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Port Moller Test Fishery

To be added to the list of email recipients for all PMTF updates, send an email to If you could, but it is not mandatory, include your affiliation to the fishery (e.g., harvesting, processing, fish buyer, shipper, industry supplier, scientist, state or federal government biologist or manager).

The Port Moller Test Fishery (PMTF) is conducted each year to help processors, fishermen, and fishery managers assess the timing, composition, and abundance of sockeye salmon returning to commercial fishing districts in Bristol Bay.  Started in 1967, the project was operated and funded by ADF&G through 1986.  In 1988, processors funded the program and University of Washington operated it.  Since 2002 the project has been operated by BBSRI and funded by BBSRI, processors, the State of Alaska and the Bristol Bay Regional Seafood Development Association.  The BBRSDA has also provided additional and key support to the second test vessel for three years and, in 2021, was key to the onboard genetics experiment.  Peter Pan Seafoods has provided shore support to the project for decades. BBSRI has chartered two research vessels to conduct test fishing since 2022: R/V Ocean Cat and F/V Miss Leona are the current vessels fishing the program.  BBSRI manages the project, provides technicians and gear to sample fish, and prepares all analyses and reports to managers, industry, and the public.

The PMTF is approximately 150 to 200 miles southwest of the different Bristol Bay fishing districts; sockeye salmon typically take 6 to 9 days to travel this distance.

Test fishing stations that are sampled by 30 minute sets are spaced 10 nmi apart (i.e., even-numbered stations; see map). Historically, up to six stations were fished each day (stations 2-12).  Since 2019, we have doubled that coverage and extend fishing as far north as station 26.  Test fishing occurs from approximately June 10 through July 12-15. Stations 2-12 range from 30 to 80 nmi offshore from Port Moller, on a line stretching from Port Moller towards Cape Newenham.  Station 26 is ~ 150 nmi from Port Moller.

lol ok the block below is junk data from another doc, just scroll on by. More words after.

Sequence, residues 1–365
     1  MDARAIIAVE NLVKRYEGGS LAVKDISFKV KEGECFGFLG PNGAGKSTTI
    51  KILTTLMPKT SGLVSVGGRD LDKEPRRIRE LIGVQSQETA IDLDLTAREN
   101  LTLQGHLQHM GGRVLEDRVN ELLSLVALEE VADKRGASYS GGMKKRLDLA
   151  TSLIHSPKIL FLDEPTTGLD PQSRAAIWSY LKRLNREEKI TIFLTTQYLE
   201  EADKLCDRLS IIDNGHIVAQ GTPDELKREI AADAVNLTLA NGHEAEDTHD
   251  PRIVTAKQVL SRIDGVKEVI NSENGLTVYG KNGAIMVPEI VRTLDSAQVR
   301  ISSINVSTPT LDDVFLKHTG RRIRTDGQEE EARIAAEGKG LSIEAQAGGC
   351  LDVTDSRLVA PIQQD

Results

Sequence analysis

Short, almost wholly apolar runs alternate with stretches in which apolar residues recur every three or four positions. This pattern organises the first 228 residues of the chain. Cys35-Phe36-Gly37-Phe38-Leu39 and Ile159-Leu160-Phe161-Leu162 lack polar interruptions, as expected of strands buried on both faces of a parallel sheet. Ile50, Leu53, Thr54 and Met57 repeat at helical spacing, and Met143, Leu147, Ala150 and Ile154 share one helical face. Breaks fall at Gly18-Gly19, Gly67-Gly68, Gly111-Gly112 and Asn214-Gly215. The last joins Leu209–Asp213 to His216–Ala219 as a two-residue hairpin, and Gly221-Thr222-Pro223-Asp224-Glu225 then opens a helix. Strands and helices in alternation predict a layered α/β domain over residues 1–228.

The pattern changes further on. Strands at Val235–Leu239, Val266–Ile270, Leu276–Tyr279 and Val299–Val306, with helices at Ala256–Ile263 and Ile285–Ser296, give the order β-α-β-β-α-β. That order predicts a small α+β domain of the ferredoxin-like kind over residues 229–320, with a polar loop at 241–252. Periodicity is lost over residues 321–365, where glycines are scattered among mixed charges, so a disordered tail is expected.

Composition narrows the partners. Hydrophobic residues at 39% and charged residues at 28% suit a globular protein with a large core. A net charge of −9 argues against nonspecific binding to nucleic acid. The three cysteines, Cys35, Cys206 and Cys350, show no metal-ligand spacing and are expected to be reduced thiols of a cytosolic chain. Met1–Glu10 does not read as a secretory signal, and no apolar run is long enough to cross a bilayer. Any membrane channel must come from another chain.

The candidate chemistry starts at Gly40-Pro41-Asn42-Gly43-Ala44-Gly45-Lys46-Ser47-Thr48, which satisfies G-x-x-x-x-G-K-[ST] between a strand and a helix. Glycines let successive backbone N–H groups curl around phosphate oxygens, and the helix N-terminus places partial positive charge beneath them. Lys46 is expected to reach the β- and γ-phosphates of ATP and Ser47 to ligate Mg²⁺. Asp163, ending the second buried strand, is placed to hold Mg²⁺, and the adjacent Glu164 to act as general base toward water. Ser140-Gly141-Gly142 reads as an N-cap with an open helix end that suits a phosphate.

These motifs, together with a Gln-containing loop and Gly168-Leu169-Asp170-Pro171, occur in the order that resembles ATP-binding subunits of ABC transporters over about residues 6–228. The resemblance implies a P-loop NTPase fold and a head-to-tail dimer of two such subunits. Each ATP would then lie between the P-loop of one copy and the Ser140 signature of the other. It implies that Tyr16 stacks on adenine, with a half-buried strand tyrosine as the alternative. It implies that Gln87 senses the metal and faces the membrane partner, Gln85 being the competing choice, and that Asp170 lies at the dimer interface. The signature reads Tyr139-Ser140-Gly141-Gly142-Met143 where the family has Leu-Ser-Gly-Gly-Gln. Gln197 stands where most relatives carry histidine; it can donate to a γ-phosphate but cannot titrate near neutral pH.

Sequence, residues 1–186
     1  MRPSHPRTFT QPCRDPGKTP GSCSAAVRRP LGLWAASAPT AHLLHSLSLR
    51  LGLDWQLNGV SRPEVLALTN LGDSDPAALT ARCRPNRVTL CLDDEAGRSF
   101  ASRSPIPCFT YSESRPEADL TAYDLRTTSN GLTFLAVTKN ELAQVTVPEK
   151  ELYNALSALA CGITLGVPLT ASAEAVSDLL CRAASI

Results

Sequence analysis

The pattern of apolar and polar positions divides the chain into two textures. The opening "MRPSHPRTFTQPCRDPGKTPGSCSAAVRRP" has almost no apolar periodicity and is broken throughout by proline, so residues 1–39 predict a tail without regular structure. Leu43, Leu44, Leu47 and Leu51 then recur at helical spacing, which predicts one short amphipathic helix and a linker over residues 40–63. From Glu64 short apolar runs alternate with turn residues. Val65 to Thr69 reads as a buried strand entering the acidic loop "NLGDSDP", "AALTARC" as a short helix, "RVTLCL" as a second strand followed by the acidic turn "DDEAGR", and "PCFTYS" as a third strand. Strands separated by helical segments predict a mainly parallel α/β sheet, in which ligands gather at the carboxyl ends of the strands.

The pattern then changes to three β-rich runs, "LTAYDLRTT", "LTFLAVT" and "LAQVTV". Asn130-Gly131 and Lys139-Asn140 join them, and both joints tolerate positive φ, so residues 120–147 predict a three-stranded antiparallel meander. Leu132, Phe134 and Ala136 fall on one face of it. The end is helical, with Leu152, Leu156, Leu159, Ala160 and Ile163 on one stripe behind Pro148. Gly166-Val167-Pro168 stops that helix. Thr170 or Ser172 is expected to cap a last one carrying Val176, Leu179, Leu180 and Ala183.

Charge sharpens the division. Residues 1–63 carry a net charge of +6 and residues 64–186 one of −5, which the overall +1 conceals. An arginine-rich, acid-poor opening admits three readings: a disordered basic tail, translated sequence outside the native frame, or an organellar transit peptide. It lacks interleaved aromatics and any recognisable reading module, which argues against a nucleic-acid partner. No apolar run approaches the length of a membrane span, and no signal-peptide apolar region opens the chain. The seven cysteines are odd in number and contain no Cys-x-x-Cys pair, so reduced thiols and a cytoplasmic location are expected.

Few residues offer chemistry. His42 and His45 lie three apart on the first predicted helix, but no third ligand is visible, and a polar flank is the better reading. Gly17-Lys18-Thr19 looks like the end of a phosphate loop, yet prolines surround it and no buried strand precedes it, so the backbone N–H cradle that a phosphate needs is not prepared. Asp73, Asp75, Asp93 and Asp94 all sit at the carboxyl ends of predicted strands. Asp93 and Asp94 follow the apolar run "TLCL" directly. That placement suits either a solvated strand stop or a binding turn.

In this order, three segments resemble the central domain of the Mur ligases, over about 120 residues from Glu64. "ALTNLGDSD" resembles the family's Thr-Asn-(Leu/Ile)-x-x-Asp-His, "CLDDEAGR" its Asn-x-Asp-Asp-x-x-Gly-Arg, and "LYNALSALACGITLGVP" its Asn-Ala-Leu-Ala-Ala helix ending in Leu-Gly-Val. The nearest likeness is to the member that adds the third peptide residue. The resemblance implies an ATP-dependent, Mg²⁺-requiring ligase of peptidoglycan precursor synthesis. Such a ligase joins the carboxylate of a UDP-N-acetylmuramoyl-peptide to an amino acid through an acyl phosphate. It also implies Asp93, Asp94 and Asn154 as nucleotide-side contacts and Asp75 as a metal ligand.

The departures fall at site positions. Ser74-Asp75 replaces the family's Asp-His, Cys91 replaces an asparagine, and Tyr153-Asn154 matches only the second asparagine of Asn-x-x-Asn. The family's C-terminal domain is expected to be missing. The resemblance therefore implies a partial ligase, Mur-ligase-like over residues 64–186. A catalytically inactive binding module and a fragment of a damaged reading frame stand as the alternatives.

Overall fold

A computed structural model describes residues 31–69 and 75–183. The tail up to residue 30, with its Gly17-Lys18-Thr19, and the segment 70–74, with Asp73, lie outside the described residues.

From 2011-2019, we used a multi-panel 200-fathom gill net that consisted of four 50-fathom shackles that alternate between shackles of 5 1/8 and 4 1/2 in mesh. The resulting daily index of abundance with two mesh sizes replaced the old Index (1987-2010) that was obtained using only 5 1/8 in mesh.  The old net was selective towards older, larger fish. Fish are also sampled for scales and tissue to estimate the age composition and district-specific stock composition.  Up to 11 stock composition estimates are prepared, typically spanning 2-day periods of test fishing beginning around June 20. The genetics-based information allows us to begin to parse the overall Index into relative abundance of fish bound for the different fishing districts, thereby increasing the program's usefulness to fishery managers and industry.

In 2019 and 2020, using the Ocean Cat we documented a substantial fraction of the run (>50%) moving by Port Moller at the outer stations beyond the traditional areas fished since 1967.  See the figure from the button on the top right of this page "Map of Stations Fished" to see the focus of the second boat.  Also, see the 2019 and 2020 reports for the benefits of fishing the other half of the run found offshore of station 12.